# Machine Learning Meliorates Computing and Robustness in Discrete Combinatorial Optimization Problems

^{1}Department of Statistics, University of California, Davis, Davis, CA, USA^{2}Departments of Computer Science and Statistics, University of California, Davis, Davis, CA, USA

Discrete combinatorial optimization problems in the real world are typically defined via an ensemble of potentially high dimensional measurements pertaining to all subjects of a system under study. We point out that such a data ensemble in fact embeds with system's information content that is not directly used in defining the combinatorial optimization problems. Can machine learning algorithms extract such information content and make combinatorial optimizing tasks more efficient? Would such algorithmic computations bring new perspectives into this classic topic of Applied Mathematics and Theoretical Computer Science? We show that answers to both questions are positive. One key reason is due to permutation invariance. That is, the data ensemble of subjects' measurement vectors is permutation invariant when it is represented through a subject-vs.-measurement matrix. An unsupervised machine learning algorithm, called Data Mechanics (DM), is applied to find optimal permutations on row and column axes such that the permuted matrix reveals coupled deterministic and stochastic structures as the system's information content. The deterministic structures are shown to facilitate geometry-based divide-and-conquer scheme that helps optimizing task, while stochastic structures are used to generate an ensemble of mimicries retaining the deterministic structures, and then reveal the robustness pertaining to the original version of optimal solution. Two simulated systems, Assignment problem and Traveling Salesman problem, are considered. Beyond demonstrating computational advantages and intrinsic robustness in the two systems, we propose brand new robust optimal solutions. We believe such robust versions of optimal solutions are potentially more realistic and practical in real world settings.

## 1. Introduction

Discrete combinatorial optimization is a topic in Applied Mathematics and Computer Science. This topic consists of finding an optimal combination upon all involved subjects within a study system. When a real world system is under study, each of its subject is characterized by a vector of measurements. This ensemble of measurement vectors is used to define a discrete combinatorial optimization problem of interest. Among many of these problems, two well-known discrete combinatorial optimization problems are: Assignment problem (AP) and Traveling Salesman problem (TSP). A generic Assignment Problem [1–3] is defined on a *n* × *n* bipartite matrix representing a system consisting of *n* subjects, each of which is characterized by a *n*-dim vector of cost of performing *n* different tasks. While Traveling Salesman problem is defined generically on a symmetric distance matrix between all “cities.” An optimal salesman's route, a closed single loop of a group of cities in a form of a polygon, is sought to minimize its perimeter [4–8].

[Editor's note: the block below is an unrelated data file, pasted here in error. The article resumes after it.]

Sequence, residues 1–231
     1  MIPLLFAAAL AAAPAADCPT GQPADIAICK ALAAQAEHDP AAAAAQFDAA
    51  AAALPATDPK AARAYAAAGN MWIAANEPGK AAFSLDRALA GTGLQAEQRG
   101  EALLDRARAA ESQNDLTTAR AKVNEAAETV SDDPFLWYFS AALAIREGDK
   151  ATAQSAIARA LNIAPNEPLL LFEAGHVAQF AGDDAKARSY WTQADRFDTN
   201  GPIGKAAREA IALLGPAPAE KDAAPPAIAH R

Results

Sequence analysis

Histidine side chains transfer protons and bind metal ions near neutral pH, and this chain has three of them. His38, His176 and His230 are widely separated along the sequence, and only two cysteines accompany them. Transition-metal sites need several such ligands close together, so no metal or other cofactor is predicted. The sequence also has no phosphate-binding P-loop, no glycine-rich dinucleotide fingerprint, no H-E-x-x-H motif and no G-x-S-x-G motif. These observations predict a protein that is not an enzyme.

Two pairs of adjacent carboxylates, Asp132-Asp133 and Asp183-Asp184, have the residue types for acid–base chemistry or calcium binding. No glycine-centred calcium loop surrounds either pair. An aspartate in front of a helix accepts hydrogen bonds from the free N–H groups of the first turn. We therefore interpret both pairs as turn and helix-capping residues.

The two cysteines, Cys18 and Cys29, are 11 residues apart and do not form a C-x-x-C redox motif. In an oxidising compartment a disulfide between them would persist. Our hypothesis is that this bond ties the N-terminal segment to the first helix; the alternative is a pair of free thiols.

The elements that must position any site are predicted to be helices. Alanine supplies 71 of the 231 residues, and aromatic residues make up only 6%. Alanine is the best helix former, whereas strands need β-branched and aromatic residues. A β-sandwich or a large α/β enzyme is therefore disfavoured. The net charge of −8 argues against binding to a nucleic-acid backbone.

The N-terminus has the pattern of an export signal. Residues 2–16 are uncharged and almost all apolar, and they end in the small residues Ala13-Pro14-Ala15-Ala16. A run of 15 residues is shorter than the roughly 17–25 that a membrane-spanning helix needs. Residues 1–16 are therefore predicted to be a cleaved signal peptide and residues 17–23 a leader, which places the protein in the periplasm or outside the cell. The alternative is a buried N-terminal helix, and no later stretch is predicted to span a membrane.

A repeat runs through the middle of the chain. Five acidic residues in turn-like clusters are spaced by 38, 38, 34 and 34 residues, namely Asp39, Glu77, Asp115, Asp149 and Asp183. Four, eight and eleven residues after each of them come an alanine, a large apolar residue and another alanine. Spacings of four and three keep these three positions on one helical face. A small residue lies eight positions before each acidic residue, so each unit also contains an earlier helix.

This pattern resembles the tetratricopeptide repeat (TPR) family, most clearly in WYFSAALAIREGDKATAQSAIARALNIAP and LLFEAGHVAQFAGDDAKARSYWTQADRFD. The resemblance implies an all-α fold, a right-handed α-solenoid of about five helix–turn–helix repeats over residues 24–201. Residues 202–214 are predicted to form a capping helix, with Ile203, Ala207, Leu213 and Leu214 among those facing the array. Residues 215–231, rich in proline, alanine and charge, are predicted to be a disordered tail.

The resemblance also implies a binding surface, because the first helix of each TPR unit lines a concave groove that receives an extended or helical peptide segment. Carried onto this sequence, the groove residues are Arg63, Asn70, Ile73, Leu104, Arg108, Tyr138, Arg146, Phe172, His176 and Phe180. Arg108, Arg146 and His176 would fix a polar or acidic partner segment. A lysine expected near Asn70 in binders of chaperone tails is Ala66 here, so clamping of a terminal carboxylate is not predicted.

A data matrix, on which combinatorial optimization problems are defined, is taken to be deterministic, as is its optimal solution. It is worth pointing out that this deterministic viewpoint of the data matrix is an extreme concept well taken in classic Applied Mathematics and Computer Science literature. Since greedy exhaustive search schemes are usually not feasible when the size of system is big, many algorithms have been precisely developed and thoroughly studied in terms of mathematical efficiency and computational complexity. Recently in Random Matrix theory of Mathematics and theoretical statistical physics [9–11], a data matrix is a realization of a random matrix. In other words, the idea of data matrix is simply given up for a pure array of random variables. Such a random matrix could be either an unitary matrix [9], the product with its own transpose matrix being equal to the identity matrix, or simply consisting of completely independent random variables. Likewise Random Assignment problem [12–14] and randomly generated cities for TSP [15, 16], or random graph theory [17, 18] are considered and studied.

The random matrix theory now has become an important topic in mathematics, statistics and physics. In the new kind of statistical mechanics based on the theory, the realization of the system is not relevant [19]. That is, the concept of ensemble of system's microstates is no longer essential, since the distributional mechanism being responsible for generating the data matrix is assumed known. Any specific features observed on a data matrix becomes stochastic noise, and what is essential is the averaging patterns resulting from the distributional assumptions. Thus, such a complete random concept of a data matrix is regarded as another extreme viewpoint. Most often it is adopted primarily for theoretic developments, rather than for practical and realistic utilities.